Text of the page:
ipsec_ttoul (3) - Linux Manuals

ipsec_ttoul: convert unsigned-long numbers to and from text


ipsec_ttoul, ipsec_ultot - convert unsigned-long numbers to and from text


#include <freeswan.h>
const char *ttoul(const char src, size_t srclen, int base, unsigned long n);

size_t ultot(unsigned long n, int format, char dst, size_t dstlen);



converts a text-string number into a binary unsigned long value. Ultot does the reverse conversion, back to a text version.

Numbers are specified in text as decimal (e.g. 123), octal with a leading zero (e.g. 012, which has value 10), or hexadecimal with a leading 0x (e.g. 0x1f, which has value 31) in either upper or lower case.

The srclen parameter of ttoul specifies the length of the string pointed to by src; it is an error for there to be anything else (e.g., a terminating NUL) within that length. As a convenience for cases where an entire NUL-terminated string is to be converted, a srclen value of 0 is taken to mean strlen(src).

The base parameter of ttoul can be 8, 10, or 16, in which case the number supplied is assumed to be of that form (and in the case of 16, to lack any 0x prefix). It can also be 0, in which case the number is examined for a leading zero or a leading 0x to determine its base.

The dstlen parameter of ultot specifies the size of the dst parameter; under no circumstances are more than dstlen bytes written to dst. A result which will not fit is truncated. Dstlen can be zero, in which case dst need not be valid and no result is written, but the return value is unaffected; in all other cases, the (possibly truncated) result is NUL-terminated. The freeswan.h header file defines a constant, ULTOT_BUF, which is the size of a buffer just large enough for worst-case results.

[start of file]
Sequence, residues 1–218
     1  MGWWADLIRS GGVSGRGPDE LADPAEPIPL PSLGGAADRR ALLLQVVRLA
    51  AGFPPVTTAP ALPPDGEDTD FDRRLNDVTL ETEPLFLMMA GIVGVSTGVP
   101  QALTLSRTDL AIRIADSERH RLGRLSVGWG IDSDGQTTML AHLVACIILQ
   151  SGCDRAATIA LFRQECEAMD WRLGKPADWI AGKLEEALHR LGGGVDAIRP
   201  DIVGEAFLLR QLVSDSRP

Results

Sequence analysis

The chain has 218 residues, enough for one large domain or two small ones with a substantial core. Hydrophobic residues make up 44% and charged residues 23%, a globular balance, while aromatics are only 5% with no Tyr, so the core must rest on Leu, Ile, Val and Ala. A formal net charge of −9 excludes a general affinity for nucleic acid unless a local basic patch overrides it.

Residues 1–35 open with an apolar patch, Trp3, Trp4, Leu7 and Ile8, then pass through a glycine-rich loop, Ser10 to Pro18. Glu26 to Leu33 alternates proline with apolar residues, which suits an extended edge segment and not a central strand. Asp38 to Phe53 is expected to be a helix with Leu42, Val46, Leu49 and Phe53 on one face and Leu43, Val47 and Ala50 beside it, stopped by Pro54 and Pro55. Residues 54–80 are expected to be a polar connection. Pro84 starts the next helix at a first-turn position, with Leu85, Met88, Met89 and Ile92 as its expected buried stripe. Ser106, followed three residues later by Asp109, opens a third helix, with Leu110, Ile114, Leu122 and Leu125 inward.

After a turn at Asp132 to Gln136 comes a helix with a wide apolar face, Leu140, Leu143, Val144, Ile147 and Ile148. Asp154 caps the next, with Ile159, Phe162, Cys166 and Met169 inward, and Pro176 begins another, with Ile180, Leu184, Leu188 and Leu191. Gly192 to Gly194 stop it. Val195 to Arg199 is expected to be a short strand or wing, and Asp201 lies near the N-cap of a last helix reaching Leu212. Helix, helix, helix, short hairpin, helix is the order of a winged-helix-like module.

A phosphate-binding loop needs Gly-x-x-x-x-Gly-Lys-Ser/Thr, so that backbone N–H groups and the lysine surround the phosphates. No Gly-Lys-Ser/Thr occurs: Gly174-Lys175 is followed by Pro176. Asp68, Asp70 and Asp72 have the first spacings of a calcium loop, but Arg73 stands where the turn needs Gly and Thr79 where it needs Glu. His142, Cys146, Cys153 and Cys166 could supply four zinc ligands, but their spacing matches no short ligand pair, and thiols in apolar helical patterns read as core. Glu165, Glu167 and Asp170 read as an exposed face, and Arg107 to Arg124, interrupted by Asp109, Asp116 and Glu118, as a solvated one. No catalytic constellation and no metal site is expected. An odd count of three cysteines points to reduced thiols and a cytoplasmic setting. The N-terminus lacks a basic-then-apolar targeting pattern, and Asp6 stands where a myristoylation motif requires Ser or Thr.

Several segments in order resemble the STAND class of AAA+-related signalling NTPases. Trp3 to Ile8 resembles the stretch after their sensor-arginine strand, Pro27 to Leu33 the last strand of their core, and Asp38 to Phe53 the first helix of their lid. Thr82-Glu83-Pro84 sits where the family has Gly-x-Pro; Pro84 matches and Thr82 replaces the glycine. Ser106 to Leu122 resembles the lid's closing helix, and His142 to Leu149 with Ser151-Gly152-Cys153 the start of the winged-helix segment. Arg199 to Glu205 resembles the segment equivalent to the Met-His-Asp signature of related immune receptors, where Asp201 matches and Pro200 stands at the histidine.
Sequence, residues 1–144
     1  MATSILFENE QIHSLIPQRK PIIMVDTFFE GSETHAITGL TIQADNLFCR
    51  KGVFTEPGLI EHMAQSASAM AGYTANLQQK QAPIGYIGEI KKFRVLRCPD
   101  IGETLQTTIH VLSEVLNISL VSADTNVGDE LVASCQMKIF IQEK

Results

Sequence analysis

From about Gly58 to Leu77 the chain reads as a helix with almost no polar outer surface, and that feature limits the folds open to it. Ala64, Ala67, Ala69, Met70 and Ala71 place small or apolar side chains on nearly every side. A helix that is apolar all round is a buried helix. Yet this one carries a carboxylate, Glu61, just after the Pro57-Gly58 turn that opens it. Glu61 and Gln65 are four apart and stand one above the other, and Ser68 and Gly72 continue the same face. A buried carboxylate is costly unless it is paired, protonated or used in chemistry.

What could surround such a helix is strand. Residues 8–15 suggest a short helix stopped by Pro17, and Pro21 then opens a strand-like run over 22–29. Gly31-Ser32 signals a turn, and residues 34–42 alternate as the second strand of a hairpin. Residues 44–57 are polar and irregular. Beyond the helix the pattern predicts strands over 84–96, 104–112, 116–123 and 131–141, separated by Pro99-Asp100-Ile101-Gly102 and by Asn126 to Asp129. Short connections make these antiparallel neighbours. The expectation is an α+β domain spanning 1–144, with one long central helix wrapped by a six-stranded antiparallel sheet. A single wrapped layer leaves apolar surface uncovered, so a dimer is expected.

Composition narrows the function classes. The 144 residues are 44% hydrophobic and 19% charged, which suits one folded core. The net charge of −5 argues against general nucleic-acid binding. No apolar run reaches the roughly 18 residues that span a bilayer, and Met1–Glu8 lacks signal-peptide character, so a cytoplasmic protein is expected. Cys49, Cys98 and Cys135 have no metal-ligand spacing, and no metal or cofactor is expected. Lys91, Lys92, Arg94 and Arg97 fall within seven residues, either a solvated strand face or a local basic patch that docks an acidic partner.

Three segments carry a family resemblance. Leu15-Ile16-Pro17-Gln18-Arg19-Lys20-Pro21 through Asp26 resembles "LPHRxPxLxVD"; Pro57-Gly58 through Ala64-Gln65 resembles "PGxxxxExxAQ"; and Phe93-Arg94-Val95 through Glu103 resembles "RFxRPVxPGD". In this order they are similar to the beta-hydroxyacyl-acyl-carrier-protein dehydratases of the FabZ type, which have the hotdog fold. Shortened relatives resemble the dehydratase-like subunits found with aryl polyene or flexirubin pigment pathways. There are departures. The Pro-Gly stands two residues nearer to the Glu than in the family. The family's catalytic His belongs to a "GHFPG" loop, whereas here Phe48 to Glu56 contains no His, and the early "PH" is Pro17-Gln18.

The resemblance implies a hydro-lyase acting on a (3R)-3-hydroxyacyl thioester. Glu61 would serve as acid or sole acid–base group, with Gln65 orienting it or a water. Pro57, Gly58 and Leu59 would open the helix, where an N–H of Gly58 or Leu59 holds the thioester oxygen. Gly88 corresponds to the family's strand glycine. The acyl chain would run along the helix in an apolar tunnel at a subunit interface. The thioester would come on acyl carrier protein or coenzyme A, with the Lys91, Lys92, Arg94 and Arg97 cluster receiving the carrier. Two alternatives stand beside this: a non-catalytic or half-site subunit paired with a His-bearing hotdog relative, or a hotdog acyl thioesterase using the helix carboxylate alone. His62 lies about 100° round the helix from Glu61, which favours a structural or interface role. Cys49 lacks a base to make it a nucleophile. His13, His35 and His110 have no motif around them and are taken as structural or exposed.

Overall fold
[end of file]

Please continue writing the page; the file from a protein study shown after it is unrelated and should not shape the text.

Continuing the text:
The format parameter of ultot must be one of:


octal conversion with leading 0


octal conversion with no leading 0


decimal conversion


same as d


hexadecimal conversion, including leading 0x


hexadecimal conversion with no leading 0x


like 16 except padded on left with 0s to eight digits (full width of a 32-bit number)

Ttoul returns NULL for success and a pointer to a string-literal error message for failure; see DIAGNOSTICS. Ultot returns 0 for a failure, and otherwise returns the size of buffer which would be needed to accommodate the full conversion result, including terminating NUL (it is the caller's responsibility to check this against the size of the provided buffer to determine whether truncation has occurred).


Fatal errors in ttoul are: empty input; unknown base; non-digit character found; number too large for an unsigned long.

Fatal errors in ultot are: unknown format.


Written for the FreeS/WAN project by Henry Spencer.


Conversion of 0 with format o yields 00.

Ultot format 17 is a bit of a kludge.

The restriction of error reports to literal strings (so that callers don't need to worry about freeing them or copying them) does limit the precision of error reporting.

The error-reporting convention lends itself to slightly obscure code, because many readers will not think of NULL as signifying success. A good way to make it clearer is to write something like:

const char *error;

error = ttoul( /* ... */ );
if (error != NULL) {
        /* something went wrong */


atol(3), strtoul(3)